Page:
Yes, whether we like it or not, it’s money that always reigns at the end of the day. It is, after all, what makes this world go round.
The general argument, in very simplified terms, is that humans are inherently selfish and greedy, and with that comes capitalism, and as a result of that comes the power of corporations.
It’s like a massive web of codependent relationships.
And there’re far fewer than six degrees of separation between you and the main brain at IBM, or the guy who owns McDonald’s, or Nike, Apple, Coke, Ford, or Nestlé. Or for that matter, Vans, Globe, DC, Billabong, and Quiksilver.
Remember back in the 90s when Nike tried to enter the skate market, and everyone thought it was really lame? And now, Nike Dunks have been selling out within minutes by the boatload at “‘core” skate shops across the country. Why? Well, Nike is still the same company it was back then. Is the company’s marketing better? Sure. Has Nike finally hired people who understand skateboarding? Yes. Is Nike’s motivation any different than what it was in the 90s? It’s unlikely. The point is, everyone’s driven by the dollar. A ‘core shop isn’t going to turn down an opportunity to make money in the same way a big business won’t-it’s just on a different scale.
Where do I even begin to discuss the countless conversations that filled the SKATE Biz office during the making of this issue? Here are some snippets:
“I don’t even notice them anymore.”
“Why don’t they fucking leave us alone?”
“I don’t think anyone really gives a shit anymore.”
“Everything is corporate.”
It’s the last one that stands out most to me. Yes, everything is corporate. And when I say everything, I mean that everything is either corporate or directly affected by a corporation. Surely there’s no denying this. So if you can’t fight ’em, should you join ’em?
A Brief Lesson In U.S. Politics
The months-in some cases, even the years-immediately following a war are times of huge economic shift. In retrospect, Clinton did a great job of cleaning up the mess that Bush Senior made during the Gulf War-he reduced the deficit and encouraged a booming economy, helping to create a time of prosperity in America, and related economies worldwide. However, a few years later when Bush Junior’s Operation Iraqi Freedom came into effect, the economy took a turn.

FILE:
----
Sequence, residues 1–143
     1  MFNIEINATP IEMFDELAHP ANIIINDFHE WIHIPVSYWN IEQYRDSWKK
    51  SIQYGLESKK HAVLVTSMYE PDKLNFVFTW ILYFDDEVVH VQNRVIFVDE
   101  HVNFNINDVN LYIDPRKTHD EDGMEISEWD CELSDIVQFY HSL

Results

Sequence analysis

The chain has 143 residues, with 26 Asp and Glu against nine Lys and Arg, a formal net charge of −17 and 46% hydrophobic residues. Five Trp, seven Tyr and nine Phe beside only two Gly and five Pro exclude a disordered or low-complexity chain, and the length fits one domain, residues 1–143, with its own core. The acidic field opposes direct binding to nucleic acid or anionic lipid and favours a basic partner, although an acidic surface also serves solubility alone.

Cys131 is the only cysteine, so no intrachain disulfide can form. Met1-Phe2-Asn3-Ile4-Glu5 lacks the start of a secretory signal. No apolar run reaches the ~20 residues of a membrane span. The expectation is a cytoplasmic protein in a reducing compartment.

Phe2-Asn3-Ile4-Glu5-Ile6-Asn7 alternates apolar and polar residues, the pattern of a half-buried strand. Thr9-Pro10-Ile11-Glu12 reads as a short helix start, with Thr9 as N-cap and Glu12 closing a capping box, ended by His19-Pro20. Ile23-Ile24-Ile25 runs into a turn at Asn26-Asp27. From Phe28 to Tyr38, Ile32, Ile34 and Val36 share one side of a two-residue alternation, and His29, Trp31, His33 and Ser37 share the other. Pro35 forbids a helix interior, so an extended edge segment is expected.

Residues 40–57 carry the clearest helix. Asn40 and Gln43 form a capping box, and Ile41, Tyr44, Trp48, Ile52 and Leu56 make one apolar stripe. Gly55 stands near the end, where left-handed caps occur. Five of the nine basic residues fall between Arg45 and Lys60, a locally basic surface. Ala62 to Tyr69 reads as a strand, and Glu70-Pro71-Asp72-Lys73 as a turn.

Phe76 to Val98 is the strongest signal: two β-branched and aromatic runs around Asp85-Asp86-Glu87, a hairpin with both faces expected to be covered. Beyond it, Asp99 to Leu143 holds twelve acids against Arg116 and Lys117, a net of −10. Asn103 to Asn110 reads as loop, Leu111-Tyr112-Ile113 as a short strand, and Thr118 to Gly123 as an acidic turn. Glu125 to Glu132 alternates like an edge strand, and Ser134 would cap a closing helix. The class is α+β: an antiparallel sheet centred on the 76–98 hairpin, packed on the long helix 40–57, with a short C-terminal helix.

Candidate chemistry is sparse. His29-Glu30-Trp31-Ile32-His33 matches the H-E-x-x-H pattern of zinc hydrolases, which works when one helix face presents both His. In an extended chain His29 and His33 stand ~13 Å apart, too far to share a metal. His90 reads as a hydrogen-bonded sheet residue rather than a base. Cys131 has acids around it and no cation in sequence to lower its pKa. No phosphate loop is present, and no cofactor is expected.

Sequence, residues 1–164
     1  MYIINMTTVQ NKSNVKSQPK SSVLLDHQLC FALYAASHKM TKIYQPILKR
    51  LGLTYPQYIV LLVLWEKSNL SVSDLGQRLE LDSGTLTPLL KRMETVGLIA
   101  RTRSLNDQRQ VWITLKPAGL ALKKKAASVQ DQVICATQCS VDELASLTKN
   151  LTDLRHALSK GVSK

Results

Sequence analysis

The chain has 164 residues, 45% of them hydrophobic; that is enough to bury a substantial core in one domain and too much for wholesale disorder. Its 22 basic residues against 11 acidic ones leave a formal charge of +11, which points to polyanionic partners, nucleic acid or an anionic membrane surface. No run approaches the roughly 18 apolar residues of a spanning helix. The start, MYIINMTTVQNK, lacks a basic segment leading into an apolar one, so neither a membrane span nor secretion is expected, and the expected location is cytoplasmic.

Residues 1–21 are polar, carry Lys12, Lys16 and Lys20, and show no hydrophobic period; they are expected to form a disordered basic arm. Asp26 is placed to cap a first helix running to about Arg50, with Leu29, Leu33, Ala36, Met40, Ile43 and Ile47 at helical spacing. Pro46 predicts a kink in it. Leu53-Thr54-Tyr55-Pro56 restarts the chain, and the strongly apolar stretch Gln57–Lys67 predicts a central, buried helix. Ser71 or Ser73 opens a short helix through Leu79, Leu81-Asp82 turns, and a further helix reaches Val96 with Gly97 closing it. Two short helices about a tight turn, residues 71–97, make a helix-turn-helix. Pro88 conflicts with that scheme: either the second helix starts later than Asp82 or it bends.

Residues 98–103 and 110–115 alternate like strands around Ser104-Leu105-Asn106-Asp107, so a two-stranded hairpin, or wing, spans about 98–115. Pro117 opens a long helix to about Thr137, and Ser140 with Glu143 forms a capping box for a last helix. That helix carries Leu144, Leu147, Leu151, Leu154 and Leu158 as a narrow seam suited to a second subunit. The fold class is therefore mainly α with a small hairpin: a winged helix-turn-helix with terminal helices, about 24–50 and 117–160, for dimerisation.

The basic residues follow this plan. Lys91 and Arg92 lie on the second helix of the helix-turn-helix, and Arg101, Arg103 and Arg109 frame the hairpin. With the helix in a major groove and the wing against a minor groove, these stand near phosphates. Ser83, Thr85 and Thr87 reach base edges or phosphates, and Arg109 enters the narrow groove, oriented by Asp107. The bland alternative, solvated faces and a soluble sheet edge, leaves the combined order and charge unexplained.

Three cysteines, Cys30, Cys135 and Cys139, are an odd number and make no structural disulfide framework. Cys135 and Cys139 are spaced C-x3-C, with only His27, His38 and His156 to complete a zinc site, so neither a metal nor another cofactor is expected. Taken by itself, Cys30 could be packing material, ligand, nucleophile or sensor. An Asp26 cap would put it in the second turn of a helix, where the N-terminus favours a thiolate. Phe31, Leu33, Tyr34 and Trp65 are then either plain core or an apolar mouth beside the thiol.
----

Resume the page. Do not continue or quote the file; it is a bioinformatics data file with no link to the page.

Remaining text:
So basically, it’s the perfect time for a corporate America issue, right? The corporations are what control the economy, and that’s what controls you-the retailers and the companies. How are we all supposed to recover from a war-torn (or in conservative terms, a war-benefited) economy? Note-increased stock values can be a great way to gain public support of a Republican-led war that the public didn’t entirely want. And stocks were doing pretty well around the time of kickoff of Operation Iraqi Freedom.
Hopefully one glorious day soon, the war that has been going since the industrial revolution (between citizen and system) will soon be over. And by that point, the world’s nations will begin to focus their efforts and energy on rebuilding their social/cultural fabric, and also their economies.
How does this relate to skateboarding? Well, skateboarders, for the most part, have been fighting a war with corporate America since the beginning. As Ocean Howell writes in his article this issue: “Skateboarding subverted corporate America, so corporate America repressed skateboarding.”
The world’s skateboarders have a responsibility to skateboarding to maintain and further build the social and cultural fabric of skateboarding-to keep its energy and all of the grassroots companies alive. Corporate America can see what skateboarders represent, and fortunately for their shareholders, skateboarders are still quite marketable.
Like most people, I’ve had my struggles coming to terms with the reality of corporate America. Here’s a little framework to help ease the process:
(a) Corporate America is a reality.
(b) Sure they’re making money off of skateboarding, and no, they probably wouldn’t care about it if they weren’t, but …
(c) Skateboarders are finally making a lot of money.
(d) Through its popularity, skateboarding has been introduced to thousands of kids who will hopefully skateboard for a long, long time.
(e) Most cities are down for the whole skatepark cause now.
(f) The popularity of skateboarding has also opened other doors for skateboarders who are interested in other pursuits, like acting, directing, music, and art.
(g) Cell-phone companies now throw big-bucks skateboard contests.
The point? Corporate America won’t bother you once you figure out how to make it work for you. It’s a matter of seeing the glass as half full rather than half empty.
Skateboarders need to work with their local scenes to build them and to enrich them. Ignorance isn’t bliss-it’s apathy, and that never saved anything. Concern should be objective. In order to maximize the benefit, don’t approach with resistance. Corporations are here to stay, so instead of fighting against them, perhaps it’s wiser to work with them to make the right decisions, ones that benefit skateboarders. If nobody tells them when they’re wrong, how will they know?
Skater-run shops now need to approach the issue of chain stores carrying decent-quality boards with the understanding that ‘core shops will always be able to offer services and an environment no chain store ever will. And although corporations may try to cash in on skateboarding, what they don’t know is that skateboarding itself will never be corporate.